Western States Part II
October 7, 2009 - Tropic, UT to Page, AZ
The weather system that has been pounding the western states with cold temperatures, wind, and some precipitation caught up with us a little bit today. We didn't hit anything major, but it was certainly cold in places! When we left Tropic, UT it was about 32° and was downhill from there for a while. Our first stop for the day was at Bryce Canyon National Park for our 15th National Park Passport Stamp of the trip. I only took a couple of photos because it was pretty cold ;)
We then headed through the Dixie National Forest again to Cedar Breaks National Monument. This was a very "Iffy" site for us to visit and we knew it ahead of time. The Visitor Center normally closes on October 13. It is located at 10,300' MSL and by mid-October the snow frequently prevents visitors from getting to the site. For us it was close. There were patches of snow beside the road, the road was wet, and the temperature was below freezing. We tip-toed around the corners and made it without incident though.
The last photo above shows my GPS and the elevation where we stopped is 10,378' MSL. I was watching it as we went through and it actually peaked at 10,600' MSL a couple of miles earlier. The temperature, according to the thermometer on AGirl's FJR, was 25° at that point. As can be seen though, the sky is mostly clear and blue but there was a pretty good breeze blowing that tended to make it seem a bit cooler.
We headed west toward Cedar City, UT and picked up Interstate 15 headed south. Other than a few miles on I-70 this is the first time we've seen interstate since Albuquerque. Colorado and Utah have all been on secondary roads and scenic byways. But now we need to pick up the pace a little.
We headed south on I-15 to the Kolob Canyons Visitor Center of Zion National Park and our next National Park Passport Stamp. Surprisingly we got two stamps there, the Kolob Canyons stamp as well as a Zion National Park Centennial stamp.
The Kolob Canyons VC of Zion National Park is on the north side right off of I-15. There is another Passport Stamp at the south visitor center at Springdale, UT so we headed south to get it as well. We stopped for gas and since it was getting warmer I started shedding some of my riding gear. The clouds still looked oppressive in places but the showers were scattered so I decided to shed my waterproof overpants as well. Needless to say it started sprinkling again within a few miles.
I've got a bone to pick with the National Park Service at this point. The Passport Stamps are normally kept out for anyone to use to stamp their book. When we stopped at Springdale the only stamp out was the same Zion National Park Centennial stamp that we had gotten at the Kolob Canyons visitor center. I asked one of the rangers there whether or not they had one specific to the Springdale VC and he said that they did not. He said that the only stamp there was the Centennial stamp. Dejectedly I headed out to the parking lot to let AGirl know that there wasn't a stamp specific to Springdale. When I got to the bikes she was talking to a rider on a Goldwing who also collects stamps. I told her there wasn't a stamp for Springdale and the rider on the Goldwing said, "Yes, there is. You have to ask the girl at the book store counter for it. It's in the back room but it is there, I just got it." By now it was raining pretty good so I stomped back into the VC, wet and annoyed, and asked the girl at the book store counter if there was another stamp. Sure enough, there was.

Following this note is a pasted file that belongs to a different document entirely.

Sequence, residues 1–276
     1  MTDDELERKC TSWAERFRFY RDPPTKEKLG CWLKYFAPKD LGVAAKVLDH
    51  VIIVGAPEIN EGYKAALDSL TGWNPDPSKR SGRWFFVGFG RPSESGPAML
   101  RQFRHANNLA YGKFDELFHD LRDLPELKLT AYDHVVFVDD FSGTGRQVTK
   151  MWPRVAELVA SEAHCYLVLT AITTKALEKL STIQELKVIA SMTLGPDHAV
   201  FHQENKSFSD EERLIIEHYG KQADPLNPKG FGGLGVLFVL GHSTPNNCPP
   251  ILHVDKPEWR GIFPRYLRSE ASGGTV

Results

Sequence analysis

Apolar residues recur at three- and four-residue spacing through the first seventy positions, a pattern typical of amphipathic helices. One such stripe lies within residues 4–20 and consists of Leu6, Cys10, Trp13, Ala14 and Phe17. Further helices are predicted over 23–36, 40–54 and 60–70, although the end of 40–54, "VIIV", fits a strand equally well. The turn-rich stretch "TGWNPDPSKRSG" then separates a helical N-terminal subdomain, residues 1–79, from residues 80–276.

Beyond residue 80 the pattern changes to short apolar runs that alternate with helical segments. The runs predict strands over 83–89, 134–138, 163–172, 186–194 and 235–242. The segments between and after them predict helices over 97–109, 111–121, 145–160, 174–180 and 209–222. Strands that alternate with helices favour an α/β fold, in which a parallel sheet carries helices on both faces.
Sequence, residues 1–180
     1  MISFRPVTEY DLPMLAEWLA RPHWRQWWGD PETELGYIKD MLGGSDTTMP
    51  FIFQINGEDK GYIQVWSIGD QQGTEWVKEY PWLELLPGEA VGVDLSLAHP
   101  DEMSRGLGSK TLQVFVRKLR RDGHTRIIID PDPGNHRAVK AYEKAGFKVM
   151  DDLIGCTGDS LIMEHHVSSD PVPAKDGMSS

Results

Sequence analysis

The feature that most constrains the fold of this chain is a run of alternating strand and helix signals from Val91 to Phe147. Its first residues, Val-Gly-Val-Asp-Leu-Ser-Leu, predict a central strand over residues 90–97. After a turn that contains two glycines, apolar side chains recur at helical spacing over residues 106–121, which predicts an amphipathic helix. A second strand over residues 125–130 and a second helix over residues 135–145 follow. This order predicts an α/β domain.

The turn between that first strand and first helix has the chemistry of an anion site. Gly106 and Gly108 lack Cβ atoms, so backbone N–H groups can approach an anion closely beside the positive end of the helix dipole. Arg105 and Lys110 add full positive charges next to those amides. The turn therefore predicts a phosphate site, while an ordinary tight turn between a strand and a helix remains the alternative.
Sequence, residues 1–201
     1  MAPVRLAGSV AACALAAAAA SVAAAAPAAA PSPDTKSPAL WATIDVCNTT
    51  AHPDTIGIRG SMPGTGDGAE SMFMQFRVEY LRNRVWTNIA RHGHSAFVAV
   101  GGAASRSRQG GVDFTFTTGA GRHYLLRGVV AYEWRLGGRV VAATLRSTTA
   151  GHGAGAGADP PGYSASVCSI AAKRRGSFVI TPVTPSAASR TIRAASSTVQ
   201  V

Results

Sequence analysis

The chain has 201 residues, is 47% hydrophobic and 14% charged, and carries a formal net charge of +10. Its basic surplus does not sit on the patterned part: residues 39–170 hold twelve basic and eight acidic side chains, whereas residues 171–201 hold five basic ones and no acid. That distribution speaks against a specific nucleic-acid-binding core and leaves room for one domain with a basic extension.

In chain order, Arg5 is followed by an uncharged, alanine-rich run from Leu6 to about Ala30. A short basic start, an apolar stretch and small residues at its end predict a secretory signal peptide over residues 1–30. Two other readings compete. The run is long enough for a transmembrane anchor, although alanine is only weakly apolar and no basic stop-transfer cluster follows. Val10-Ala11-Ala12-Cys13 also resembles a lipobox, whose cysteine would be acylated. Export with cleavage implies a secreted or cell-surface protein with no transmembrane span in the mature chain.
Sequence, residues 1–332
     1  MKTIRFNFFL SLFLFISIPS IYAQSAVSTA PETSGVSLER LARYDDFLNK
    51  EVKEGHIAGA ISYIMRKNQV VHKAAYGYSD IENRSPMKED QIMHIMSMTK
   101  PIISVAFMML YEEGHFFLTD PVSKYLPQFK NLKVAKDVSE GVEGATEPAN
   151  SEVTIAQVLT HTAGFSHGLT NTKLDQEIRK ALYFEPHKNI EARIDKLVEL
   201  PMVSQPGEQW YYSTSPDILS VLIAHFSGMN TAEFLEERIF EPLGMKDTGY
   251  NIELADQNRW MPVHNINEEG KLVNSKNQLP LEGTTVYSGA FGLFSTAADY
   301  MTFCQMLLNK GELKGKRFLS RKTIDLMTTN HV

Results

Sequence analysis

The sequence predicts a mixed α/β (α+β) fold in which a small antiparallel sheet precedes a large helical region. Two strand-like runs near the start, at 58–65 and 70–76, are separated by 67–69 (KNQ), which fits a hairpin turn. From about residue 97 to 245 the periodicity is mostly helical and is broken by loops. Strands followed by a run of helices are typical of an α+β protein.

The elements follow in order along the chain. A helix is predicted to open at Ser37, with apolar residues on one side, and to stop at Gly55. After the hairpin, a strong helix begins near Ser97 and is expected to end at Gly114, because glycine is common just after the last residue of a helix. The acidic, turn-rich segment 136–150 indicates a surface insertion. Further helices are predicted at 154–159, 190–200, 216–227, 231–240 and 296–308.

So, my question for the National Park Service is this: Why have a program such as the Passport Stamp program if you are going to hide the stamps? I've run into this several times before, but I haven't run into a situation where not only did I have to ask for the hidden stamp but I had to ask the right person. These are not national secrets, they have no intrinsic value other than to stamp a Passport book so WHY do sites hide them? I would really like to know.
We made our way northeast along Highway 9 out of Zion National Park to Highway 89 and then down to Kanab, UT just above the Arizona border. We dropped south to Fredonia, AZ and picked up another Passport stamp at the Pipe Spring National Monument.
We rode a few miles north to Kanab again, and then headed east on Highway 89 toward Page, AZ. We stopped a couple of times for photos, and eventually to get ready for the rain. The rain never hit us but we did get a little bit of mild crosswind. I'll never understand how we managed to completely dodge all the weather that has been in this area for the past few days but we did. A little light rain, some cold weather in the upper elevations, and some mild winds were all that we ran into. Contrast that with several inches of snow in places, heavy rain, and 50mph winds and it's easy to see how lucky we were.
We pulled into Page, AZ in the early evening, got a motel and some dinner, and planned for one more day on the road. Tomorrow will be relatively easy since it's mostly interstate but tomorrow evening we'll be back in Phoenix and AGirl will be back home after 10 weeks on the road.